The Wisconsin women’s hockey team heads to Minneapolis on Friday for the Frozen Four. They will meet familiar foe Minnesota in the first of two national semifinals to be contested. The winner will go on to face the winner of Boston College and Harvard for the national championship on Sunday.
It is the Badgers' eighth Frozen Four appearance in 10 years, the most of any team over that stretch. Wisconsin enters the weekend with the nation's longest winning streak at six games. The Badgers have out-scored their opponents 22-4 in the post season and that +18 margin is also best in the country.
The Gophers have a 15-game home unbeaten streak (13-0-2) and are 61-2-4 in their last 67 home games, dating back to Feb. 18, 2012.
Wisconsin and Minnesota met four times during the regular season. Minnesota took three wins and the teams tied their final time out in mid-January. The Badgers have not beaten Minnesota the past 15 times they have met. The Gophers have a 43-26-9 all-time record against Wisconsin.
The teams met in a national semifinal last season, with Minnesota coming out on top 5-3. Wisconsin carried a 3-2 lead into the final period, but couldn’t hold on against a potent Minnesota offense. Interestingly, the Gophers and Badgers have met in three of the four past Frozen Fours but have not met in the WCHA conference tournament over that span.
The match up features 15 All-WCHA selections, including Player of the Year, Minnesota's Hannah Brandt (who is also a top-3 finalist for the Patty Kazmaier Award) and Rookie of the Year, Wisconsin's Annie Pankowski.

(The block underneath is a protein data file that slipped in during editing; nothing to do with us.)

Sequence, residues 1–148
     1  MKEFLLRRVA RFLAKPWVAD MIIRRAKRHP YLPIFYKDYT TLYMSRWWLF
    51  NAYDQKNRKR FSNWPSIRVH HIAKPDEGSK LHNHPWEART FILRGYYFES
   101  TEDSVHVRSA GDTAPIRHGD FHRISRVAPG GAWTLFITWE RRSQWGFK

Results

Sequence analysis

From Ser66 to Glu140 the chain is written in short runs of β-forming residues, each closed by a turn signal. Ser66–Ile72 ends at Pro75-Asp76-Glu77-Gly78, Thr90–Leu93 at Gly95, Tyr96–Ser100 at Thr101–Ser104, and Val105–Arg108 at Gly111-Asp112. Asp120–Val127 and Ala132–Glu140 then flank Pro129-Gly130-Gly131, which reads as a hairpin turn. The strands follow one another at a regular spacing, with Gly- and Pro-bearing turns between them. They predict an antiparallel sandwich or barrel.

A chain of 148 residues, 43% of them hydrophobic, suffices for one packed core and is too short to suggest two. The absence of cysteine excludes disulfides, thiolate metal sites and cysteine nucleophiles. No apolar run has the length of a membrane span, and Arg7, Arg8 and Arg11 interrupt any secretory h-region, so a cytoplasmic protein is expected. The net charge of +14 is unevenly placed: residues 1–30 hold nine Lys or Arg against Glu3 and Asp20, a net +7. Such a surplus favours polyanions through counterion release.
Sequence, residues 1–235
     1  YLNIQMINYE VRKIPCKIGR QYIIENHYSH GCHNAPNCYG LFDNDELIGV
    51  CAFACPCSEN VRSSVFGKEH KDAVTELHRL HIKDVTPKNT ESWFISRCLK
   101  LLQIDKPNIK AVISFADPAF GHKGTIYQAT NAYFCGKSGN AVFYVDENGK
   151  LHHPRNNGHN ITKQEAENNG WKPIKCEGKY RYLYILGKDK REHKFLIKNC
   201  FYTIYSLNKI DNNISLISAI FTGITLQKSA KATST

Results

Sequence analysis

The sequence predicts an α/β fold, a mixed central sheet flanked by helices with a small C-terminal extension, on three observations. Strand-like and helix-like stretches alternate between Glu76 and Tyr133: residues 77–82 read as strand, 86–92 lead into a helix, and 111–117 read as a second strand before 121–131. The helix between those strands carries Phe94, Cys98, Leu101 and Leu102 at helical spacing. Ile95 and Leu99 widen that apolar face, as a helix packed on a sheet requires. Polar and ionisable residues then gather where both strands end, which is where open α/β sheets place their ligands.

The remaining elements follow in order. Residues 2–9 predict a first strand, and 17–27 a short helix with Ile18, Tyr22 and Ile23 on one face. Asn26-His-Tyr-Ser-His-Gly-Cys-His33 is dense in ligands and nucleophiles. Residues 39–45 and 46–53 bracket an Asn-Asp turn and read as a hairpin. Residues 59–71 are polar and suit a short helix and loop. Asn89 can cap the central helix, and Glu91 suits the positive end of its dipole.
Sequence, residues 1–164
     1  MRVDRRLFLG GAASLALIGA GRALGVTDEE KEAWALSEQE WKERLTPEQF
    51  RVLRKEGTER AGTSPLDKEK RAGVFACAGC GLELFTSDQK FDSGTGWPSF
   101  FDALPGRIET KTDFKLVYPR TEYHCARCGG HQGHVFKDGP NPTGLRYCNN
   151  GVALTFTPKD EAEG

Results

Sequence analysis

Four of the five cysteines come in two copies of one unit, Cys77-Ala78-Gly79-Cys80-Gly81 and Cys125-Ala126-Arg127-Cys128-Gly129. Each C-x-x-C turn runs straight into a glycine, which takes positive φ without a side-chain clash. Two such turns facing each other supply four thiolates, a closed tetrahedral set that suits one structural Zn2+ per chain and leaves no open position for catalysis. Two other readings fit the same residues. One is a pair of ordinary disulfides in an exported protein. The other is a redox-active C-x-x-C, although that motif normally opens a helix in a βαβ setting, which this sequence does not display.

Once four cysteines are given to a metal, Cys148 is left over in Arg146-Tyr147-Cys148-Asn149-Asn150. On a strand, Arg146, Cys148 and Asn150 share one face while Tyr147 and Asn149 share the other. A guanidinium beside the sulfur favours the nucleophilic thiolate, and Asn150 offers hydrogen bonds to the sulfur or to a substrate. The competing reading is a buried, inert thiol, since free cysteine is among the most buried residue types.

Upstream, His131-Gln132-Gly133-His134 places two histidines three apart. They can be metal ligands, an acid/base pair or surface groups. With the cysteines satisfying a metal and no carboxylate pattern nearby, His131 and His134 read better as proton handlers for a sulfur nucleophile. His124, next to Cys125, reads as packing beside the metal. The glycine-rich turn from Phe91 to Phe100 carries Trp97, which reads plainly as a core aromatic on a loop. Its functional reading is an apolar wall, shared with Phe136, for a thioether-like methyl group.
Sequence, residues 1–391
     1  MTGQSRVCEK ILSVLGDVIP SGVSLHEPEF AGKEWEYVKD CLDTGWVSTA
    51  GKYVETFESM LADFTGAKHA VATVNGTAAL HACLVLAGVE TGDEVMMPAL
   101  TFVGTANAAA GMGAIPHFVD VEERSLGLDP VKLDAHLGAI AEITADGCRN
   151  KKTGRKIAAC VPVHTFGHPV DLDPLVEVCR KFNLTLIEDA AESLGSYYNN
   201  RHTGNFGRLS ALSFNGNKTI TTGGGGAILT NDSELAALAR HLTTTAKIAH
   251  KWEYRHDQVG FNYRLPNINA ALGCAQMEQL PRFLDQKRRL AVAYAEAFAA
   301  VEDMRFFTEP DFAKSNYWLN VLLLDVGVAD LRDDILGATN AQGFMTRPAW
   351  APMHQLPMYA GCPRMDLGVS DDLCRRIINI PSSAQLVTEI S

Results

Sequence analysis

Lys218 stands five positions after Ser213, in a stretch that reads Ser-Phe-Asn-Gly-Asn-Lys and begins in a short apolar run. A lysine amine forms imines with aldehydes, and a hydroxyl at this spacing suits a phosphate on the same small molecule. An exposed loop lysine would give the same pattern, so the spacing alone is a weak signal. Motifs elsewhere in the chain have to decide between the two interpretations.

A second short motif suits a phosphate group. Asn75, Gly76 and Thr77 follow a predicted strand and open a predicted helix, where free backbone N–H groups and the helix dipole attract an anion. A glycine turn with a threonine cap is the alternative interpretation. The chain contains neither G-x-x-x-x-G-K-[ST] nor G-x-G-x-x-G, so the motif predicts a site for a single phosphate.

Both Mellissa Channell, who was injured in the quarterfinal against Boston College, and Brittany Ammerman, who received a game misconduct penalty, are available for the game. Channell may be a game time decision, but has practiced with the team all week.
These two teams match up extremely well on paper, with a negligible difference in rank or number in most stats.
Wisconsin leads the nation in goals against, averaging just 1.08. Minnesota is right behind them, averaging 1.18 goals against. Wisconsin has the nation's leading penalty kill at 96.6%. The Gophers have the country's best power play, scoring 31% of the time. Minnesota goalie Amanda Levielle has a .945 save percentage. UW's Ann-Renée Desbiens saves at a .943 clip.
For Wisconsin to finally break through against Minnesota, they're going to need to find a way to sustain pressure and pepper the net. The Badgers have held a significant shot advantage over the rest of their opponents this season, but haven't had the same success against the Gophers.
Wisconsin and Minnesota both have 122 shots on goal over the course of their four meetings. Significantly, though, the Gophers are out-shooting Wisconsin 58-36 in the final period. When Wisconsin most needs to step up their play and Minnesota could have been resting on their lead, the Gophers are picking up he pressure and Wisconsin isn't able to maintain it. Over the first two periods, Wisconsin owns the shot lead 110-86, so they need to find a way to not let Minnesota take over in the final frame.
With two evenly matched teams and a lot written about the rivalry, we went right to the source for some more in-depth analysis of this game.
We exchanged five questions about this match up with Minnesota SBN site The Daily Gopher. Their Andy York covers the Minnesota women's hockey team. Here's his half of the preview.